“He tried his heart out for me out there. We had the two down that have caused loads of people problems at the end of the course, but he’s come out of this week feeling good. This was a really tough track. It’s super technical and a real show jumping track. He jumped well and feels great, so I’m really happy with him overall.”
In a notoriously challenging phase for Boyd Martin and Tsetserleg TSF, a 2007 Trakehner gelding owned by Christine Turner, Tommie Turner, and Thomas Turner, the pair dropped four rails for a total of 16 faults, for a final score of 41.2 to finish in 20th place overall. Of the team camaraderie, Martin spoke of the drought the U.S. program has had since their last team podium at a world championship and how much energy and excitement he can feel as the program looks ahead to the future.
“I’m very proud to be an American today. Having five clear rounds yesterday in the cross-country was awesome, and just looking at the results here, any three of the five of us could have gotten a team medal,” said Martin. “I’ve been on many of these teams, and we’ve been so close over and over again, and it’s a massive sigh of relief. I’m really thankful for this team and proud to be here with these guys sitting next to me.”
As the last combination to contest the course, Tamie Smith and Mai Baum, a 2006 German Sport Horse gelding owned by Alex Ahearn, Ellen Ahearn, and Eric Markell, added eight faults to their original score of 24.0 to finish on a 32.0, to take ninth place individually. Smith, while disappointed to be out of the individual medal running after her round, said the focus was always on the team result and their overall performance throughout the week meant more than an individual medal.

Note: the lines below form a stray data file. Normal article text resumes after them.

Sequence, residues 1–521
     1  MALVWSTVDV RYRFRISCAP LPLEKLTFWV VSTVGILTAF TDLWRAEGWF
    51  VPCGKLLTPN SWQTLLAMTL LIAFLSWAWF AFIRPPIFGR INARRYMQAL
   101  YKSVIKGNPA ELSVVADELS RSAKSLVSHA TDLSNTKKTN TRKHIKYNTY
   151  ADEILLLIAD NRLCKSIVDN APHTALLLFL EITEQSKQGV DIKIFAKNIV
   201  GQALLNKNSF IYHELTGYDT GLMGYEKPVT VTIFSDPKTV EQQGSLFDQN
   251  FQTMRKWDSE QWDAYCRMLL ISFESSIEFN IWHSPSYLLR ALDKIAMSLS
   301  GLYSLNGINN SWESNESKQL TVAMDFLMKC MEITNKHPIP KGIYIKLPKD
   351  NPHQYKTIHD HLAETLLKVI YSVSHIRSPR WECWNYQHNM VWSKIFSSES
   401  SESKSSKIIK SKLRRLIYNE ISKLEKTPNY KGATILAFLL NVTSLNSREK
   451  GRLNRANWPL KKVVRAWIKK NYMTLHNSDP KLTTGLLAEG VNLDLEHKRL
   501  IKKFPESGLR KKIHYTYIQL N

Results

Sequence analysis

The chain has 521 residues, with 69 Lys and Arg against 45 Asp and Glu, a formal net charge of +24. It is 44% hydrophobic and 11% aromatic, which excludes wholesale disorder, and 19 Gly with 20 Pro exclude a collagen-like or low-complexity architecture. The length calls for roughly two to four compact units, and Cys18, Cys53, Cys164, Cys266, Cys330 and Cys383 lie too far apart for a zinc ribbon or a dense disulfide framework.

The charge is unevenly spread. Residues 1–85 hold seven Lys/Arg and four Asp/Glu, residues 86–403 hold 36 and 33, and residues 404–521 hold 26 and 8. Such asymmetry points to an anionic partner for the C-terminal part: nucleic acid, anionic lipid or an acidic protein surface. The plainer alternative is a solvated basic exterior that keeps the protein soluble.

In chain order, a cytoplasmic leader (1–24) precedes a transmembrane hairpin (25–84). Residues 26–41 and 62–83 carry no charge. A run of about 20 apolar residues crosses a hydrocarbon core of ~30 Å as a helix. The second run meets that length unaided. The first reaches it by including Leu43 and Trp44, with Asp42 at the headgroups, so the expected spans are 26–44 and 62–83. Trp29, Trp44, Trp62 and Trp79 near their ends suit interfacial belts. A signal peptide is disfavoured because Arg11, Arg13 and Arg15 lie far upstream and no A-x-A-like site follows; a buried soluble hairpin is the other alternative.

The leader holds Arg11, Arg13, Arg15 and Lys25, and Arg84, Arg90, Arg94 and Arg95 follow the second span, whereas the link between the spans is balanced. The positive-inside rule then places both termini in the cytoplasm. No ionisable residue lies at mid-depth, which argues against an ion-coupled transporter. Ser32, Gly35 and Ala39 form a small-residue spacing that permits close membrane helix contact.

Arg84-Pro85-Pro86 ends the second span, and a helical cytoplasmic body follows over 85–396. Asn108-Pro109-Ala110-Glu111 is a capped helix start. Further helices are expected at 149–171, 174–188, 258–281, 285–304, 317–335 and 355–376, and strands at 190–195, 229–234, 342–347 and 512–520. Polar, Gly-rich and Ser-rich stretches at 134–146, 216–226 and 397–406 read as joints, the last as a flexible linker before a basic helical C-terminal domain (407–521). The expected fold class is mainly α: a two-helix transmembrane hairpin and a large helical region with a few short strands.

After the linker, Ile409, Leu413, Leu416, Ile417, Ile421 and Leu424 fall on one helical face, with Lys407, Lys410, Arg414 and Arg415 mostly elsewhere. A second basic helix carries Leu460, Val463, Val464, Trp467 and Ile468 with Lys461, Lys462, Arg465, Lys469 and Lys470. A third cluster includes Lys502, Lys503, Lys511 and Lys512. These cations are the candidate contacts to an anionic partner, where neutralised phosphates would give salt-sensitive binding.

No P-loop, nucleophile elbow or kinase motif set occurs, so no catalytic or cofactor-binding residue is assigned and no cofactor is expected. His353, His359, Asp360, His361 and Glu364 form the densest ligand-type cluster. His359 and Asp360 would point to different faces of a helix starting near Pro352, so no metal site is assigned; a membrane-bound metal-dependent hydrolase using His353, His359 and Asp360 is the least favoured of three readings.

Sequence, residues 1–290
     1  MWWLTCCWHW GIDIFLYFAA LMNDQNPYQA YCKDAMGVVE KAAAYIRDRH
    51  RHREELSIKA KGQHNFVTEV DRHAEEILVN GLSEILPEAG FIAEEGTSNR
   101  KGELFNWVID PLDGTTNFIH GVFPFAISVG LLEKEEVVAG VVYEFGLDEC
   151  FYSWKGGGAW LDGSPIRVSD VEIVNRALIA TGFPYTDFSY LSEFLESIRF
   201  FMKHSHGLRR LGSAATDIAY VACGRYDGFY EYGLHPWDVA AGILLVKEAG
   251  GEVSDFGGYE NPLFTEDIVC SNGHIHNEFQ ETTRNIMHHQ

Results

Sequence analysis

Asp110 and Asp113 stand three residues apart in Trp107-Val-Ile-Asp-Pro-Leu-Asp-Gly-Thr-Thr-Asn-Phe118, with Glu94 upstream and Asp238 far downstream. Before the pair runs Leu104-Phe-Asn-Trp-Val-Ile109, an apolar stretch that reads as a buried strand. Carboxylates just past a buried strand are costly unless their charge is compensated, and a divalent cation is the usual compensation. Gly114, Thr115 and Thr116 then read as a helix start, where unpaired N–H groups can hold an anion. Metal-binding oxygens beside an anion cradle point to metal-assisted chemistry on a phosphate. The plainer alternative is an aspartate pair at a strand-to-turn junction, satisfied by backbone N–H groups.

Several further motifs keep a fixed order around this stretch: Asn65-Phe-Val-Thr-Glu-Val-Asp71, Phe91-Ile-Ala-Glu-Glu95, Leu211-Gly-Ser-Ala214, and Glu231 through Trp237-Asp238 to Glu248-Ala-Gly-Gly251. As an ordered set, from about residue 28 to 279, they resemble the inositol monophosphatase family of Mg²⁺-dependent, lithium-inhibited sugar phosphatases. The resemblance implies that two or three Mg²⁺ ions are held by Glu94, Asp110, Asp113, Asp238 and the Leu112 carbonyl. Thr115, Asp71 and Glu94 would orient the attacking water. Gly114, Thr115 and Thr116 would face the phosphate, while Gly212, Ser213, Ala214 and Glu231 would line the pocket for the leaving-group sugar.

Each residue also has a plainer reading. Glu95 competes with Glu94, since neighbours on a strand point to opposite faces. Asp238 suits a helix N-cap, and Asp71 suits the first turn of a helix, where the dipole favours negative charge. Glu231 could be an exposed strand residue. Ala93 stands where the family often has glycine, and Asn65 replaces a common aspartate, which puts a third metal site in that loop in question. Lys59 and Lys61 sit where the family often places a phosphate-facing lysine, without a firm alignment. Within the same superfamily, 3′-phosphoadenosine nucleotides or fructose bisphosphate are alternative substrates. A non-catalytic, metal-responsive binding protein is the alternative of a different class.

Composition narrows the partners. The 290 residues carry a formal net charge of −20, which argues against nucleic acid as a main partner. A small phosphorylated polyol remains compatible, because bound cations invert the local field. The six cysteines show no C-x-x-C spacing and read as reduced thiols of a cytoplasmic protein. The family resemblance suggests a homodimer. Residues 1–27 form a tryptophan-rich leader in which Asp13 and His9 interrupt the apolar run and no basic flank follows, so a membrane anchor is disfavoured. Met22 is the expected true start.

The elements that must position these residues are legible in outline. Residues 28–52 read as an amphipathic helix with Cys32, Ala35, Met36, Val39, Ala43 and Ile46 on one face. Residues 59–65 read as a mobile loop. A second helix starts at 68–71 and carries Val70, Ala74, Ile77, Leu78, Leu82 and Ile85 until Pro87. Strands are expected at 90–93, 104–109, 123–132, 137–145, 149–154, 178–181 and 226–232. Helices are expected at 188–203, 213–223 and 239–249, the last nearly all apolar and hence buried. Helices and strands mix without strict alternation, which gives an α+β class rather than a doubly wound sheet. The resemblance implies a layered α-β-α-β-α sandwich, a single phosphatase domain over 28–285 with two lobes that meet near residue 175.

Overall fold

“We came here to do our best and I have to say, we all knew that potentially we could medal, and I think we’re pleasantly surprised and we’re less than a point away from third and it shows to the quality of the field and the riding. It’s impressive and I’m just so honored to be here,” said Smith. “I’m very proud of my horse. I feel like it just wasn’t meant to be and that’s okay. We’re here and we got the silver medal and that’s what we came here for. I have to push that to the side that this isn’t about my individual performance, it’s about the team performance, and I’m ecstatic with our result.”
Ariel Grald (Southern Pines, N.C) noted yesterday that her goal was to finish the championship on her dressage score of 32.5, which is exactly what she did. Aboard Leamore Master Plan, a 2009 Irish Sport Horse gelding owned by Annie Eldridge, Grald guided the stunning gelding to a masterful clear round inside of the time. In her first championship appearance for the stars and stripes, Grald felt that it was her moment to prove that she deserved to be on the world stage, while also taking in every piece of knowledge and learning she could to help continue to prepare her for the future.
“I was a bit nervous going in and he’s such a great show jumper. I just have to trust him and trust that he’s going to go in and try, and I knew after the first fence that he was good. The combinations can be hard for him because he has such a huge step, but all credit to my horse. I really have to mess up as a jockey for him to not jump clear, so it’s a lot of pressure of me to give him a good ride. He’s absolutely brilliant. I wanted to finish on my dressage score and we did, so I couldn’t be happier for him and that’s all you can ask for.”
Read the full article via US Equestrian here.